James Cleverly outlines his migration plan
James Cleverly has taken off to Rwanda in his first visit to the African country as Home Secretary. After three turbulent weeks since he was appointed to replace the sacked Suella Braverman, Mr Cleverly is using the trip to emphasise that he will do what is necessary to “stop the boats”.
A source close to the Home secretary said: “The Home Secretary said at start he wanted to get things done not talk about getting things done. He’s getting things done!”
“And he commits to doing all the other things that are already working to stop the boats.”
It comes on the same day he unveiled a five-point plan to tackle legal migration, warning that the record numbers seen in the last two years with net migration at 1.4 million means that “enough is enough” on abuse of visas. The announcements earlier today were welcomed by Tory MPs on the Right and took ideas from the increasingly influential New Conservatives founded by Danny Kruger and Miriam Cates.
But with backbenchers already plotting to dethrone Rishi Sunak as leader, there was a warning that he would need to sort out illegal migration and “stop the boats” if he and the Prime Minister are to stave off a major rebellion.
READ MORE: ‘Just get it done!’ Tory MPs warn 5-point migrant plan may not be enough
Sources close to the Home Secretary have emphasised that he wants to strike a contrast with his predecessors and rely more on actions than rhetoric. Mrs Braverman made headlines a number of times with some of her comments, including describing “an invasion” of illegal migrants and calling and the anti-Israel demonstrations “hate marches”.
But after three weeks where he has been heavily criticised by Tory MPs and seen his ranking among Conservative members of Cabinet ministers drop from top to 17th in a month, Mr Cleverly hopes to show that he has taken a grip of a situation that has dogged the government since the 2019 election.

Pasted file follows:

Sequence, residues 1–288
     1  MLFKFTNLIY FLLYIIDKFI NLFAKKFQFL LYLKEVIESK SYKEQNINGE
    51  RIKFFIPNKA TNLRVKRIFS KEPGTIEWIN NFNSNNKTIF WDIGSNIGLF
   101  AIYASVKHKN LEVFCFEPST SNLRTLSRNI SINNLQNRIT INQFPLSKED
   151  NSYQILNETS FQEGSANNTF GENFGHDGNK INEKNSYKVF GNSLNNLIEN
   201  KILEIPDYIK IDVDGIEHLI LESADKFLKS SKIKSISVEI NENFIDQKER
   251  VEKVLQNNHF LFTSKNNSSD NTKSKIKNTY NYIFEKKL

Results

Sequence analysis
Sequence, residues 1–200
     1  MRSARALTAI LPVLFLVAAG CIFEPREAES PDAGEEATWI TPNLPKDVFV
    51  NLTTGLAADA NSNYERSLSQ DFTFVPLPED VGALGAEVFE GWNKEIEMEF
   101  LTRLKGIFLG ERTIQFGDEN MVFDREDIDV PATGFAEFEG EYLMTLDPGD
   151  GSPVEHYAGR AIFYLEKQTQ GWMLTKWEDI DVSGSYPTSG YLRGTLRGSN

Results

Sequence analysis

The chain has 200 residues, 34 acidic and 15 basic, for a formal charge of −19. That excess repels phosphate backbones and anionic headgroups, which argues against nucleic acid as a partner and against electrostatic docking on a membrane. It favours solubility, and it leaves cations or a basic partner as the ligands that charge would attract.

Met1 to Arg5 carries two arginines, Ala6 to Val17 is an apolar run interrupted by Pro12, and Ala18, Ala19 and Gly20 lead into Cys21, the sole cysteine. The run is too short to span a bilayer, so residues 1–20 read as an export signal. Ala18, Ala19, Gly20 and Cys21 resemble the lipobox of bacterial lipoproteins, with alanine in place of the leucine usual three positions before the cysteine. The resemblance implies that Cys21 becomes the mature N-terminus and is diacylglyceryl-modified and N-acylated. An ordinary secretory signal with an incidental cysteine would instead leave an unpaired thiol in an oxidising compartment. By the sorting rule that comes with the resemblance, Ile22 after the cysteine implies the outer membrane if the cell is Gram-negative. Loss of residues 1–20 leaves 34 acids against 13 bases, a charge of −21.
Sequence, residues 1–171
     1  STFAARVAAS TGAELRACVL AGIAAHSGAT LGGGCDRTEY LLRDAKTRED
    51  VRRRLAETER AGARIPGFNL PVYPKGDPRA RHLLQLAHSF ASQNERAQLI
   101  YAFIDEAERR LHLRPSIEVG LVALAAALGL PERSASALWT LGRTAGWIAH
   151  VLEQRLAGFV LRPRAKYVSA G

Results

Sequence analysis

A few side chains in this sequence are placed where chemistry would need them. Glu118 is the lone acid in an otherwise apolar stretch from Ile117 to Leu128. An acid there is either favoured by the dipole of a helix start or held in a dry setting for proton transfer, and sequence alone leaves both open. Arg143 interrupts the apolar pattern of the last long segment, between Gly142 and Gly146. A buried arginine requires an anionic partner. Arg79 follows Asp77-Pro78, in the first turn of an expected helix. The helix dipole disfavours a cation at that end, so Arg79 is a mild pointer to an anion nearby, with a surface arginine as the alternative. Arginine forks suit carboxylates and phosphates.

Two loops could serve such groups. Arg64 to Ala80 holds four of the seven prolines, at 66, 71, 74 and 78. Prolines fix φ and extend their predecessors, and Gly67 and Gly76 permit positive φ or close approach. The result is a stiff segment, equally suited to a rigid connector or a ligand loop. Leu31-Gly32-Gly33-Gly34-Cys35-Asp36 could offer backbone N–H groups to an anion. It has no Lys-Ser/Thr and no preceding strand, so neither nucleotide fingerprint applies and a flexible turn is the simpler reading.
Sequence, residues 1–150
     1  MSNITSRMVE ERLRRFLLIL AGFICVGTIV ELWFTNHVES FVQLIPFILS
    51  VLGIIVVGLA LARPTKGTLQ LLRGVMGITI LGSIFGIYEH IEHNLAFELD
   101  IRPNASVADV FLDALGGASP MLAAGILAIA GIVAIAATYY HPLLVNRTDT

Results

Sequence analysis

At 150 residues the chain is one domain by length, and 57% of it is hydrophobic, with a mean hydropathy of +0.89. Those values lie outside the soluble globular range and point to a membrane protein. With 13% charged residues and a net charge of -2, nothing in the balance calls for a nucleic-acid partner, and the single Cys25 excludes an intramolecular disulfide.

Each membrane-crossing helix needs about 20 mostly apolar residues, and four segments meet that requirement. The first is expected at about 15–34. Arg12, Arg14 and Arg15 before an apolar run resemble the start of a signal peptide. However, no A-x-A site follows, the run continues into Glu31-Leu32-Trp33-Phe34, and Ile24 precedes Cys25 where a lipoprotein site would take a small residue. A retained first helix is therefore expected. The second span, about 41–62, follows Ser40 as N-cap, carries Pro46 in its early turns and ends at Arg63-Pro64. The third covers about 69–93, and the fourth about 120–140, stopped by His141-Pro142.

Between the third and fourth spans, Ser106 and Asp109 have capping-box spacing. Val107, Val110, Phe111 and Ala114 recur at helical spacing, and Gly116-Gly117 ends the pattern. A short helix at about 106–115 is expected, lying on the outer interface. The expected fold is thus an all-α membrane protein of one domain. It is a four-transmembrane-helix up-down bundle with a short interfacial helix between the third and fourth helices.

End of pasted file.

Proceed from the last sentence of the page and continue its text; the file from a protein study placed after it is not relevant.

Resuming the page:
The Rwanda trip comes after he had upset Conservative MPs by using a Times interview to say they should not be “fixated” on the deportation flights as a solution. His aides were also forced to reject accusations that as Foreign Secretary he had blocked similar schemes with other countries.
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The trip to Rwanda is intended to underline that he is committed to a scheme that Mr Sunak put at the heart of his plans to “stop the boats”.
Emergency legislation is expected within days to deal with the Supreme Court ruling that came just 48 hours after he was appointed and blocked the flights. Tory MPs, though, will be watching closely to see if he is willing to alter or end the UK’s relationship with the European Convention of Human Rights (ECHR) and its “politicised” court in Strasbourg.
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